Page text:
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Tetzaveh(Exodus 27:20-30:10)

The Roots of Gossip

The Talmud tell us that the various items of clothing of the Kohen Gadol (High Priest) served as atonements for the sins of the Jewish people. The meil (robe) atoned for lashon hara (negative speech). One of the striking features of the meil was that it was fully techeilet, the color that resembles the Throne of Glory.(1) What is the connection between the techeilet of the meil with atonement for lashon hara? The Chofetz Chaim explains by quoting a Tana d'bei Eliyahu that says that lashon hara rises up to the Throne of Glory. This means that a person who speaks lashon hara will have to face judgment in front of the Throne of Glory. The techeilet on the meil of the Kohen Gadol would serve as a reminder that our words have great spiritual power.(2)

Thanks to the drive against lashon hara there is far more awareness as to the laws and ideas of guarding one's speech. Nonetheless, lashon hara remains as being one of the most difficult sins to avoid - there are a number of reasons for this, including the fact that we speak so much and that there is strong social pressure that makes it very hard to avoid negative speech.

However, perhaps there is a deeper cause that lies at the root of much of the lashon hara spoken. Jewish law recognizes that people derive pleasure from speaking negatively about others - we see this in the laws of constructive speech: There are times when it is permissible and even required to speak lashon hara in order to prevent damage, however even this is forbidden if the speaker is pleased in his heart to cast the perpetrator in a bad light. This pleasure from speaking lashon hara is difficult to understand - there are many sins for which there is an obvious desire, such as immoral behavior, however there is no obvious physical pleasure derived by speaking lashon hara. Why is there such a drive to speak negatively about other people?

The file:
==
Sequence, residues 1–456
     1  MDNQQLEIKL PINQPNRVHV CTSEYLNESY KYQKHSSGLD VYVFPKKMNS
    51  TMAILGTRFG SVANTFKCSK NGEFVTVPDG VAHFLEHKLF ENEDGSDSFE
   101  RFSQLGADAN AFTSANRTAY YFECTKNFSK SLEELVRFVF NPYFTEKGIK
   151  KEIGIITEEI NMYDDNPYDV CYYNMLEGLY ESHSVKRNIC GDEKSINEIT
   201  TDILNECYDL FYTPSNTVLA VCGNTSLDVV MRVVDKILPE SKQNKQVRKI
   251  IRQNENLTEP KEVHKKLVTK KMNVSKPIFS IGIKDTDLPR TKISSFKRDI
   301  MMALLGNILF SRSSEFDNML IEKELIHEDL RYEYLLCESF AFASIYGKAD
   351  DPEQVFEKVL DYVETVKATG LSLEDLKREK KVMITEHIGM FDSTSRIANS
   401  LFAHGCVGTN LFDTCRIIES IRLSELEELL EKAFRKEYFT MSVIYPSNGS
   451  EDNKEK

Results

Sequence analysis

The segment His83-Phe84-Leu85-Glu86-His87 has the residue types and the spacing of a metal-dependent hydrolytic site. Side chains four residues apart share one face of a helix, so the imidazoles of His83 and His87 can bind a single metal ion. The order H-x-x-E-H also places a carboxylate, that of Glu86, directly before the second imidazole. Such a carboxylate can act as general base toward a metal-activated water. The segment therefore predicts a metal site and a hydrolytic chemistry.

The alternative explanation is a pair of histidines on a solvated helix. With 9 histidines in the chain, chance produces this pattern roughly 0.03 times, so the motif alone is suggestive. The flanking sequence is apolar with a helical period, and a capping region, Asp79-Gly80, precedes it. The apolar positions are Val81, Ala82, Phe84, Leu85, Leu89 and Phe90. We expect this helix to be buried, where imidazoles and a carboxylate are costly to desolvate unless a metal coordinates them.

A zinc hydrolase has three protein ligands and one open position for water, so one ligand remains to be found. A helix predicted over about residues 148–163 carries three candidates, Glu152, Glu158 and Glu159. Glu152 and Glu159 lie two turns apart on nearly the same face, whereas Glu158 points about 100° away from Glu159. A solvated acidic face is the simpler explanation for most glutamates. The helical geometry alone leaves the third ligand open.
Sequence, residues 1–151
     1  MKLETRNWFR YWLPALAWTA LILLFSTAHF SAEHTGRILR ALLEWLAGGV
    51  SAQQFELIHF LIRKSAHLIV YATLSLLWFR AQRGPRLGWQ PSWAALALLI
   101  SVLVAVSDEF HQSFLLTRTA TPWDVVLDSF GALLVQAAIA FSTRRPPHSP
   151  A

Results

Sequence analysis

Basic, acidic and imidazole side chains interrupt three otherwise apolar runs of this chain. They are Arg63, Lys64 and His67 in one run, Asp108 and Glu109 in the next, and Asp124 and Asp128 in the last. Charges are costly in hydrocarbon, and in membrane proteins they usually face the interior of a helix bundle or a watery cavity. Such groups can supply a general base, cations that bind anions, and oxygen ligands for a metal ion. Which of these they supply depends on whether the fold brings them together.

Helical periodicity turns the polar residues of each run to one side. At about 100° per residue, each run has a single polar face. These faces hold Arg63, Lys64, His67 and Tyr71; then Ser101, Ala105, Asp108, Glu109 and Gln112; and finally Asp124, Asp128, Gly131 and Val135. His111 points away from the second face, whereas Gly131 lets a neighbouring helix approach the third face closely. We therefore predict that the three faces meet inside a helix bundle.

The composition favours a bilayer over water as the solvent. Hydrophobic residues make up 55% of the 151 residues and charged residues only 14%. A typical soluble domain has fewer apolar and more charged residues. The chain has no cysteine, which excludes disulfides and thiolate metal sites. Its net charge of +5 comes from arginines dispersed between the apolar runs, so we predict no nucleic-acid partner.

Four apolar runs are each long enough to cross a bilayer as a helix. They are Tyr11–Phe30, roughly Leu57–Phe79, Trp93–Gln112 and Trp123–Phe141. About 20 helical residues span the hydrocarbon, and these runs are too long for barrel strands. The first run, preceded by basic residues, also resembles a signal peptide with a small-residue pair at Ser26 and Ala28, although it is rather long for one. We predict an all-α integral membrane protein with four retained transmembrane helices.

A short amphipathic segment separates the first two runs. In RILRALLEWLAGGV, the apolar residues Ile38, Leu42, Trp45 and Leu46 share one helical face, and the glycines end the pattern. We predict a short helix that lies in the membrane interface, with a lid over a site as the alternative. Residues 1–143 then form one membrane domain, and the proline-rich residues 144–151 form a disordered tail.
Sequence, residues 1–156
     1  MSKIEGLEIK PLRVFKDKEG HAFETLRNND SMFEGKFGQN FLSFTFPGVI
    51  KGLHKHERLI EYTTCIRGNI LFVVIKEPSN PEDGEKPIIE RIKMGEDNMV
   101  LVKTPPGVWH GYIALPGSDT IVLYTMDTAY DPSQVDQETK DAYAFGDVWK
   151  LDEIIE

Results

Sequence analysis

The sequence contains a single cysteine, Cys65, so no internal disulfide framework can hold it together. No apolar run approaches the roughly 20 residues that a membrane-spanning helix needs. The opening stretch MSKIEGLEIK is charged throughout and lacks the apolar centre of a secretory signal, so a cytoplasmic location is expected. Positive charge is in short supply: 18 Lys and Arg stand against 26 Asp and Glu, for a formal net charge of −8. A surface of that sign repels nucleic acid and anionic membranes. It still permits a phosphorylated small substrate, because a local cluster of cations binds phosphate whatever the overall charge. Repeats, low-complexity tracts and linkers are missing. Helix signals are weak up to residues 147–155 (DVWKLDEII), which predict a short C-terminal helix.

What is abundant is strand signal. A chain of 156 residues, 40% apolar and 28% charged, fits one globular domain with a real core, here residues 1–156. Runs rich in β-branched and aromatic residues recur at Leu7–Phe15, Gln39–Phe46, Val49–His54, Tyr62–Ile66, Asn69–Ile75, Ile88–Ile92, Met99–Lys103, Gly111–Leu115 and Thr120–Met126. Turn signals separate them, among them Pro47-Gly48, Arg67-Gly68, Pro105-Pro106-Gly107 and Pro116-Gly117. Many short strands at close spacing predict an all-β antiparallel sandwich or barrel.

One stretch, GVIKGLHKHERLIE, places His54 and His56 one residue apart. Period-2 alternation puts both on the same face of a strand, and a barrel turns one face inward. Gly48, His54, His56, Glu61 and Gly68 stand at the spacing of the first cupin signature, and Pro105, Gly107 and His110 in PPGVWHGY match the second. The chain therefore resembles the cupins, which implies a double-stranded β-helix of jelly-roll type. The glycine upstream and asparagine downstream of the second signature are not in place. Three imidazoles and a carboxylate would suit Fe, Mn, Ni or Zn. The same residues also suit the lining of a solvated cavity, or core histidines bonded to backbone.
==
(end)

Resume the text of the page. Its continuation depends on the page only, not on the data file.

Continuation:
It seems that the root cause of the pleasure of speaking lashon hara is that it provides an artificial boost to a person's self-worth: If one feels a lack of self-worth there are two ways in which we can boost it - one is to get involved in constructive activities and improve our character. In this way he feels more fulfilled and positive about himself. However, there is another, easier option; people often tend to value ourselves in relation to others, consequently one's self-image is often dependent upon how he compares to those around him. By criticizing them he knocks them down, thereby he now sees himself in a more favorable light in comparison. For example, if a person feels lacking in a trait such as intelligence, by criticizing someone else in that exact same area can help him feel better about his own level of intelligence.

This would seem to the explanation of the Rabbis' observation that a person only criticizes others about a flaw that they themselves possess. The Rabbis understood the psychological needs of people to feel good about themselves and that a prime way of trying to do so is by knocking down others in their very own areas of weakness.

Of course the rise in self-worth derived from speaking lashon hara is artificial and very short-lived. After a short while the speaker's true sense of inadequacy returns and he feels the need to criticize more in order to boost himself. Any person who has tried to refrain from lashon hara can testify that on the occasions when they held themselves they did not feel any lacking - on the contrary they felt better about themselves for doing the right thing.